1. Federico – yes, we made it to Flores! It was one of the highlights in Guatemala for us, we spent much more time there than we had intended. We took a few boat trips – to some of Lake Peten Itza’s beaches and to the little zoo island. We always recommend spending a few days in Flores and not only use it as a base for Tikal.

    1. Hi Rebecca – the Livingston experience is definitely worth it, especially because it is just such a different environment than the rest of Guatemala. Black carib Garifunas replace indigenous Maya populations, and the contrast is really interesting. You’ll definitely have to let us know when you go for a visit!

  1. Great Post!

    So my boyfriend is coming with me to Guatemala but has only 8 days with me to spare (I’m staying longer) would you recommend heading north to Lanquin or going to Lake Atitlan? Or try to do both with some careful transport planning?
    Anita recently posted..Thailand Part IV- Diving

    1. Hi Anita, we would definitely recommend Lake Atitlan over Lanquin. The ride to Lanquin is really long and apart from visiting Semuc Champey, there is not much to do. The lake is so beautiful and has so many villages to visit – it is one of our favorite places in Guatemala. Where will you be based when you go to Guatemala? If you can squeeze in both in 8 days depends on where you are based and what other places are on your list – it’s possible but it would be a tight schedule. Feel free to get in touch if you need more tips 🙂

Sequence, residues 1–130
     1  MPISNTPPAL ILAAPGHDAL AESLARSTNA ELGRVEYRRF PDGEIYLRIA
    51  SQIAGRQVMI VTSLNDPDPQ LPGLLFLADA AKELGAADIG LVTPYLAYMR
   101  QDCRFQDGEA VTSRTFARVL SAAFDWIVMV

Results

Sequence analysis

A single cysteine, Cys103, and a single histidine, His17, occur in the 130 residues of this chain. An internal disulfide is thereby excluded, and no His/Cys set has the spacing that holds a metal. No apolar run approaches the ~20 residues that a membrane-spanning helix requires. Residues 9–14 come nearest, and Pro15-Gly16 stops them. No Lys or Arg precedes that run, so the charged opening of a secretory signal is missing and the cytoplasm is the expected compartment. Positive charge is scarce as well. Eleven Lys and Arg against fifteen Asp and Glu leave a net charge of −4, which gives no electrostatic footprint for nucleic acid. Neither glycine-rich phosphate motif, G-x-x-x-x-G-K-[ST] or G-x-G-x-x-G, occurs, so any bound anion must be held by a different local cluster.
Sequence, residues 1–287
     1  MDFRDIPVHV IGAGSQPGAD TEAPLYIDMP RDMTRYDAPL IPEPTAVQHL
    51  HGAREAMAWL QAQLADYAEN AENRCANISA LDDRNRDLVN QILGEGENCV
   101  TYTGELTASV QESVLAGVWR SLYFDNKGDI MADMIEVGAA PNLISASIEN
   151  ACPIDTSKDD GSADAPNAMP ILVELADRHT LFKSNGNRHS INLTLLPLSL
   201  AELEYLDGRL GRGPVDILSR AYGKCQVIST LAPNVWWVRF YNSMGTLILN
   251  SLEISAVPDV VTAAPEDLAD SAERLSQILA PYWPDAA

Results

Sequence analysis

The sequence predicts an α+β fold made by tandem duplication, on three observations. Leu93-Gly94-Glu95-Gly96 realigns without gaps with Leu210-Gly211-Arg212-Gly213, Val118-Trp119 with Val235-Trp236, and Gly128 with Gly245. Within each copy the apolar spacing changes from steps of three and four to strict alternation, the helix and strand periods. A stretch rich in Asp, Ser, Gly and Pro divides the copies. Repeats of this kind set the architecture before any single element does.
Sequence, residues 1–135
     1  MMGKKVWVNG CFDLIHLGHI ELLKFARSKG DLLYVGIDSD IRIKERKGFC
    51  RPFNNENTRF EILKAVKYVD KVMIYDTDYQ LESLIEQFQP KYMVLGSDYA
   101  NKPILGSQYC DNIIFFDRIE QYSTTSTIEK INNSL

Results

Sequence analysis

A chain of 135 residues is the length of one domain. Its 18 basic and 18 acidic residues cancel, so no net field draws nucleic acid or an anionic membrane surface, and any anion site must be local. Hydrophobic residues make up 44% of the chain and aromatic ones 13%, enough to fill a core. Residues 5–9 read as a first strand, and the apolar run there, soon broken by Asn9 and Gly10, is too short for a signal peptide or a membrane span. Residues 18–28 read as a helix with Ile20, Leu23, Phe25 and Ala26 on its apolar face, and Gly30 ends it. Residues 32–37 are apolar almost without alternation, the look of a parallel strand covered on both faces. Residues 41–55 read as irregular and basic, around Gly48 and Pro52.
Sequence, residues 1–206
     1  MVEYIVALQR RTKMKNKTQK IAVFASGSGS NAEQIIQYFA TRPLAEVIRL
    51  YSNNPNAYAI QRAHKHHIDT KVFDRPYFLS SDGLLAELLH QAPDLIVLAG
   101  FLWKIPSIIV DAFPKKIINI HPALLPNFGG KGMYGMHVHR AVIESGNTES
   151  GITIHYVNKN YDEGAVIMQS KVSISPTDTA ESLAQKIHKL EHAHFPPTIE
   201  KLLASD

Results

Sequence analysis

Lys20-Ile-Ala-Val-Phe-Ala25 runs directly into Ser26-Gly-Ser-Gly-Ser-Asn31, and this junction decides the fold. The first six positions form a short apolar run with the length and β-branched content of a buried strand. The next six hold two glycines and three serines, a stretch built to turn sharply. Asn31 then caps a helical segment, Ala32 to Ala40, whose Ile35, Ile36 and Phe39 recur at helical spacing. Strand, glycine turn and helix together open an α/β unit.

2. When I went to Guatemala for a missions trip, I absolutely fell in love with its people, especially the children. As an American, it was quite a humbling experience to see how much less the people had than me, but yet how much happier they seemed to be.

    Prayerfully, I will travel there again soon. I just can’t stay away from those wonderful people (nor those savory plantains) for too long.

  3. I’ll be traveling through Guatemala, (from San Ignacio Belize) in May. I’ll have about three weeks to spend in Gua (then onto Nicaragua). I’m planning to spend the first few days in Tikal/Flores. I was wondering if you’d recommend then heading toward Antigua and Lake Atitlan etc then El Salvador to Nicaragua OR heading to Livingston/Rio Dulce then Honduras to Nicaragua? Or would it be possible to do both the Lake Atitlan area and the Livingston area in the 3 weeks without spending all our time on a bus? I’m so torn, it all sounds so beautiful but I know some stuff will have to be saved for the next trip.